Republicans Highlight Role of Internal Combustion Engines

Legislation Sponsors Say They Are Aiming to Preserve Integrity of Consumer Choice and Maintain Marketplace Competition
Markwayne Mullin
Sen. Markwayne Mullin (R-Okla.) is the lead sponsor of the Preserving Choice in Vehicle Purchases Act. One aim of the bill is to limit efforts by California lawmakers to ban the sale of vehicles with internal combustion engines. (Al Drago/Bloomberg News)

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Legislation that aims to block efforts to prevent the sale of internal combustion engines was recently introduced in the Senate.

The Preserving Choice in Vehicle Purchases Act, sponsored by Sen. Markwayne Mullin (R-Okla.), would restrict the Environmental Protection Agency from issuing waivers specific to the sale or use of new motor vehicles equipped with such traditional engines, including diesel units that are ubiquitous in Class 8 trucks.

The bill’s Republican sponsors explained they are aiming to preserve the integrity of consumer choice as well as maintain competition in the marketplace. In particular, they aim to limit efforts by California lawmakers to ban the sale of vehicles with internal combustion engines.

“California’s waivers are not about clean energy, they are about control,” Mullin said last month. “Democrats want to control every aspect of Americans’ lives — including what car they drive. If it were about clean energy, banning tailpipe emissions in favor of electric vehicles that strain an unstable grid is not the solution. This bill will ensure Americans can choose what vehicle is best for themselves and their families and allow that choice to dictate the market.”

Mullin went on, “Capitalism has already proven that internal combustion engine vehicles represent the overwhelming majority of vehicle purchases in America. Not to mention, America is less secure when we are dependent on foreign adversaries for critical mineral supply.”

“Our legislation is all about protecting consumer choice and, ultimately, free market competition that drives down costs,” added Sen. Roger Marshall (R-Kan.), a cosponsor.

The Senate bill awaits consideration in a committee of jurisdiction. Meanwhile, a panel in the House has approved its version of the bill. The chamber’s Republican leadership intends to continue to advance the legislation this year.

John Joyce


Rep. John Joyce (R-Pa.) is the measure’s lead sponsor in the House. “California’s reckless waiver request would have far-reaching consequences for consumers across the United States. Congress must act now to pass the Preserving Choice in Vehicle Purchases Act and avoid forcing consumers to purchase electric vehicles that fail to meet their needs,” Joyce indicated, adding, “Thank you to Sen. Mullin for leading this important legislation in the Senate.”

“Last summer, we saw California’s energy grid struggle to meet growing energy demands, and these proposed regulations would only exacerbate that strain,” said Rep. Gus Bilirakis (R-Fla.), a cosponsor. “With the higher-than-average cost of an [electric vehicle], the average Californian might find themselves not only unable to afford a new EV vehicle, but even if they are, potentially unable to keep it reliably charged due to brown or blackouts. All Americans should have the freedom to choose which vehicle makes the most sense for their particular circumstances and budgets, and the Californian elite should not be able to set a precedent that could have negative impacts on all Americans.”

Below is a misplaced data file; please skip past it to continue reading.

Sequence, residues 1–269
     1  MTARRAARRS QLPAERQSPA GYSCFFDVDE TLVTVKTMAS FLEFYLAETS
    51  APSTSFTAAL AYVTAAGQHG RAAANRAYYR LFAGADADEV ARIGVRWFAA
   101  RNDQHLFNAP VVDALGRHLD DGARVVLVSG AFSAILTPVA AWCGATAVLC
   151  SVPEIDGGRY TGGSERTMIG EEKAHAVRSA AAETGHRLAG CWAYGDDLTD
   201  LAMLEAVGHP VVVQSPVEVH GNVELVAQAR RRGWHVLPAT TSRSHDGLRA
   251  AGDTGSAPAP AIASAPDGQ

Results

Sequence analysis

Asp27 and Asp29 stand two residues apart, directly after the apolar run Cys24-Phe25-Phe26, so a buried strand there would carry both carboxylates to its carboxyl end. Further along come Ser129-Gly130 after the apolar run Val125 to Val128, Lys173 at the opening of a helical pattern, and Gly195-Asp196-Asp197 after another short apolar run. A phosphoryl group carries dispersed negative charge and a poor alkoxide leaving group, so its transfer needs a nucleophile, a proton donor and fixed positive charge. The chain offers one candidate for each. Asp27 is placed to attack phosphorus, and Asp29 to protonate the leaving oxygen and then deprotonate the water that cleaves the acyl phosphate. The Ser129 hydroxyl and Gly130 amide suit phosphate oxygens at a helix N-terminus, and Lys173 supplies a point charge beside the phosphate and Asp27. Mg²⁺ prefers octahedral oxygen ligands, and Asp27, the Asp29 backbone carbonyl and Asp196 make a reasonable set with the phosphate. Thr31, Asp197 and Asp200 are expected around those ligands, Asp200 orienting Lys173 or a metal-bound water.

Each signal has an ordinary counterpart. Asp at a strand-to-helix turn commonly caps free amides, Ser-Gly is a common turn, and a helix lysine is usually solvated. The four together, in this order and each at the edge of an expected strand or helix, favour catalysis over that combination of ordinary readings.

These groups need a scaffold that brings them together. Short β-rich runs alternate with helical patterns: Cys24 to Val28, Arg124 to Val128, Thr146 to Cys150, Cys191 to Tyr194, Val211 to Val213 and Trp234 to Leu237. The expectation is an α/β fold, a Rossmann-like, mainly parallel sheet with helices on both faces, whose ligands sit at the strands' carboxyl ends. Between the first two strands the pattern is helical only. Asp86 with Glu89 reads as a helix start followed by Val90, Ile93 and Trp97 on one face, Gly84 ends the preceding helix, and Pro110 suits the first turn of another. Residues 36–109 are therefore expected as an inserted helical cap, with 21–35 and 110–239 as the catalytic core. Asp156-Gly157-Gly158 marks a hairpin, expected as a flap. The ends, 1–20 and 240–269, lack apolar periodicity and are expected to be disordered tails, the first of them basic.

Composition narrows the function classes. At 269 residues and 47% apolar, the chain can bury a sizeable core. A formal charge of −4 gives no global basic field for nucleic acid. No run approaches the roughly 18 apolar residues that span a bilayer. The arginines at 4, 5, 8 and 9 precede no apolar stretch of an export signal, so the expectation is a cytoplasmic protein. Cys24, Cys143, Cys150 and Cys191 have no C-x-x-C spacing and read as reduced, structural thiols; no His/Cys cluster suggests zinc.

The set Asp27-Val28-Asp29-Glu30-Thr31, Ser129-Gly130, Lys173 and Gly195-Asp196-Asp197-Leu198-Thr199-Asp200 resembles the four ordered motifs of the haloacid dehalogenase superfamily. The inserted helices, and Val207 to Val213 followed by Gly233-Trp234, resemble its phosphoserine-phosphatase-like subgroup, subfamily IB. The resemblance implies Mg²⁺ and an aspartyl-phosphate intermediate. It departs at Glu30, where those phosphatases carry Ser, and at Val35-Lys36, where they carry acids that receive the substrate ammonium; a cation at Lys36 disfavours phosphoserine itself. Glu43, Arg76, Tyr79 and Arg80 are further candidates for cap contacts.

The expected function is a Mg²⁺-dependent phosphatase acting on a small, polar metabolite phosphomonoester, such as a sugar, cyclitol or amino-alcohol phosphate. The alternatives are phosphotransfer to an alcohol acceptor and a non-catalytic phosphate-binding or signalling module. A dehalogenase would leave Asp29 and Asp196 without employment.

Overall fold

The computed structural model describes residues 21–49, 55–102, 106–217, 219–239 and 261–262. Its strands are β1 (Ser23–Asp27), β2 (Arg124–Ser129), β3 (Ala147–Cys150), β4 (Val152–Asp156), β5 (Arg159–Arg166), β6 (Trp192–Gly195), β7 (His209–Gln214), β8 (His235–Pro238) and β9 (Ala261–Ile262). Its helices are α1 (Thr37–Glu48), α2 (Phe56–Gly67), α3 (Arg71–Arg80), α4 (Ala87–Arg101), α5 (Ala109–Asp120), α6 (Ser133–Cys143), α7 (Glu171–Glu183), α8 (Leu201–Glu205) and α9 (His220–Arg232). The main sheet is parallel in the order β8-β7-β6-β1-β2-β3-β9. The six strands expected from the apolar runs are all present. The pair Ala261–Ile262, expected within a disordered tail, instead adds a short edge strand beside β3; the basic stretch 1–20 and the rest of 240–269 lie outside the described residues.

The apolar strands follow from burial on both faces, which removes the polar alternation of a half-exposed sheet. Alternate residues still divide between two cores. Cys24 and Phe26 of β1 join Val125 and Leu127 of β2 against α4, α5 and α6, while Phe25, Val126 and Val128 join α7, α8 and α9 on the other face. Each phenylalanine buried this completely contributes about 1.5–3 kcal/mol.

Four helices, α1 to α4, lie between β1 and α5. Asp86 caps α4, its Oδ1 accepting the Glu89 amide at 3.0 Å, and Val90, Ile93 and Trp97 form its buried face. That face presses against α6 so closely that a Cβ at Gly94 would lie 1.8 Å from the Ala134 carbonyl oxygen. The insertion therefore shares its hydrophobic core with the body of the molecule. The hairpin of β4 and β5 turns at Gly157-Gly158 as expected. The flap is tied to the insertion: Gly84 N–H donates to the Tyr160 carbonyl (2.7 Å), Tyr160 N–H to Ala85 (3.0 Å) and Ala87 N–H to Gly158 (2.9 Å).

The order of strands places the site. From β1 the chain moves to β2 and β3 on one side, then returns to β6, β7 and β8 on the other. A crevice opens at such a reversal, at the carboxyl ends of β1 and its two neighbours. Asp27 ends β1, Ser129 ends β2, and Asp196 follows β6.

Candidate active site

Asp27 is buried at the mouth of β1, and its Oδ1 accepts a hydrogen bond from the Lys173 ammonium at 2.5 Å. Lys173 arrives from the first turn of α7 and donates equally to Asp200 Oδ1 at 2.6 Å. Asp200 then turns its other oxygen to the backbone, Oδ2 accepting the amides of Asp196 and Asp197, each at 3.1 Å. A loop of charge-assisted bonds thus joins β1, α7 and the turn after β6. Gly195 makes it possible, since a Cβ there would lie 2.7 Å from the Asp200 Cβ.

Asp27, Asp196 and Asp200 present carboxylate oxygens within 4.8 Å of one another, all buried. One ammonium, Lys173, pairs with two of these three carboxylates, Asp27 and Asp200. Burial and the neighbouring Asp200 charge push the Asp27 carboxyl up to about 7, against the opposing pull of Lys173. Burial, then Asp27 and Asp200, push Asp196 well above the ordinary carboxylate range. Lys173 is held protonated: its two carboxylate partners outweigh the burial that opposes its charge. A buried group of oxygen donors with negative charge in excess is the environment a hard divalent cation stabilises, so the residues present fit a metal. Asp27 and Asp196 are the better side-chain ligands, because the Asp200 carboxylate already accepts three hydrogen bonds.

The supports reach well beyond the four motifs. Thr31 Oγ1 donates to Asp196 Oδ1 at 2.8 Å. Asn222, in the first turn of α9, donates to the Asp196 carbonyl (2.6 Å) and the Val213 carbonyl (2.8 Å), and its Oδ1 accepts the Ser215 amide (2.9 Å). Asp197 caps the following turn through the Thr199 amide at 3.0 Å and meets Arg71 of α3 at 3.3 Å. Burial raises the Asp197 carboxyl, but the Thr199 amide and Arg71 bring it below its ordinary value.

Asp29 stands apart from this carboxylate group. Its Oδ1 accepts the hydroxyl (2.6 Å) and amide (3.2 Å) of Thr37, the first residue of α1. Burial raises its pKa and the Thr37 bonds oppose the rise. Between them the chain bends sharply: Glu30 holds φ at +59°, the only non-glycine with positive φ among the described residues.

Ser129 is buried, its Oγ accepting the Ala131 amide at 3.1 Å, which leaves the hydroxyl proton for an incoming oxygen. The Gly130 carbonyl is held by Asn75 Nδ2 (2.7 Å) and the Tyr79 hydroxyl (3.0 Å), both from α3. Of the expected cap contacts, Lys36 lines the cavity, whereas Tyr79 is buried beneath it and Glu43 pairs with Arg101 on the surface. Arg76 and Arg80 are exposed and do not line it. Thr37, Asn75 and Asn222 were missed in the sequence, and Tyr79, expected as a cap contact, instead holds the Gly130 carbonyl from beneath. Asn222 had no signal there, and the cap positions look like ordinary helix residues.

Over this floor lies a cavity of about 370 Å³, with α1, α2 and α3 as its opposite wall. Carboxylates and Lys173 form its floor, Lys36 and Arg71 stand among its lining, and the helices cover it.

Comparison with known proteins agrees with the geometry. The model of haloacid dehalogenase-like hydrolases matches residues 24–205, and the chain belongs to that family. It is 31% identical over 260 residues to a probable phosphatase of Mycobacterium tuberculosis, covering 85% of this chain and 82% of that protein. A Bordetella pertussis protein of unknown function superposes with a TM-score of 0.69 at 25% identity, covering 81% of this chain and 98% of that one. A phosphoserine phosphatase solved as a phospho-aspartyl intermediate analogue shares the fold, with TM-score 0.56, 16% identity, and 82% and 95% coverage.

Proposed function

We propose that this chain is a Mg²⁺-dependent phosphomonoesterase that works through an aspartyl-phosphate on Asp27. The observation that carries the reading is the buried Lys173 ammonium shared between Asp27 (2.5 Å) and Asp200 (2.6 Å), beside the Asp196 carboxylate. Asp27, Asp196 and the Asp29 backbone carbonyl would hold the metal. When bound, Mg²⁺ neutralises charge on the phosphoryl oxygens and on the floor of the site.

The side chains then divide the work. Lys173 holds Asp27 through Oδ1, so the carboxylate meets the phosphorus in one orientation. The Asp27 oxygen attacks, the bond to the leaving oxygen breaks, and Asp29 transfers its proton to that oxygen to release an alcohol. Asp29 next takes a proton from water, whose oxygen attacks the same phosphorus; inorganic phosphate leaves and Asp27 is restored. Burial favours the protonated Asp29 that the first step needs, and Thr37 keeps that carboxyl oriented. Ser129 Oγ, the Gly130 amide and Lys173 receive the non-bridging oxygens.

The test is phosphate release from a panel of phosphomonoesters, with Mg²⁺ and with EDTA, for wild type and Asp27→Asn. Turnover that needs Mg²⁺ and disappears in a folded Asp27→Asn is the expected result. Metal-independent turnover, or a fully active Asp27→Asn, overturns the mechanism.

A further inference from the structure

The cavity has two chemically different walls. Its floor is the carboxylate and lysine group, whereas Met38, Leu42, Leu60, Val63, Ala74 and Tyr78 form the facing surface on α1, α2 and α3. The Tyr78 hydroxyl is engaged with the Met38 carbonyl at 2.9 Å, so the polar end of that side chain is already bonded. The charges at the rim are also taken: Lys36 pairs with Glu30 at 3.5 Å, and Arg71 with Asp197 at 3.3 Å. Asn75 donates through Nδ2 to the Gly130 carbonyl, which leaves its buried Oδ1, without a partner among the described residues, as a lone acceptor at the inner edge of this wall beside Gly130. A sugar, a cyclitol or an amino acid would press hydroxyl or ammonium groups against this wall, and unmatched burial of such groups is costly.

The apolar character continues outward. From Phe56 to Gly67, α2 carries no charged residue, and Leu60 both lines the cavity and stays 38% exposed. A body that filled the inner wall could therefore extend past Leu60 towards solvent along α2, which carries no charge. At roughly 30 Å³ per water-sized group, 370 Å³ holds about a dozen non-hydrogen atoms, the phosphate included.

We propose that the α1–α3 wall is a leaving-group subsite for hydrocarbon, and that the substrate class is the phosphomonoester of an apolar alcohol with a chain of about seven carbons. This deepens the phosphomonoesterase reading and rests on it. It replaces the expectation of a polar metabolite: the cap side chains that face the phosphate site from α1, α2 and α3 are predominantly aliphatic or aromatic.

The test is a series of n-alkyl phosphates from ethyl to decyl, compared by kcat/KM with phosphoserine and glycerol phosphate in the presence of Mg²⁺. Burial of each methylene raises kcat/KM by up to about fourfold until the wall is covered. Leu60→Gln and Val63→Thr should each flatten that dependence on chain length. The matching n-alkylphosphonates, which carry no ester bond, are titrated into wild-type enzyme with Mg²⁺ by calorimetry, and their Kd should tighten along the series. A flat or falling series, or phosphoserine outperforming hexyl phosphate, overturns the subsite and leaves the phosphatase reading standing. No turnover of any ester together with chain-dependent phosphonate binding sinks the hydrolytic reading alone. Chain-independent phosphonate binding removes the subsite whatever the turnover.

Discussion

The legislation responds to the California Air Resources Board’s recent requirements on automakers that would lead to an eventual ban on the sale of new internal combustion engine vehicles in about a decade. Certain federal waivers are required to proceed with California’s plan.

Bill Sullivan


American Trucking Associations is among the groups endorsing the legislation in Congress. ATA Executive Vice President of Advocacy Bill Sullivan said, “ATA believes we must set national, achievable and realistic targets and timelines along the way to our shared goal of zero emissions. Those efforts must be made through a lens of technology neutrality, allowing innovation to provide a wide range of solutions that meet the diverse needs of the trucking industry.”

“To that end,” Sullivan continued, “we thank Sen. Mullin for calling attention to the unachievable timelines being proposed by California. Setting a patchwork of regulations will disrupt the nation’s supply chain and force motor carriers to purchase costly, early-stage equipment and operate it in an environment with insufficient infrastructure support. Moving forward, ATA will continue working with Sen. Mullin, other champions in Congress, coalition partners in industry, and federal regulators to set achievable emissions goals for the trucking industry.”

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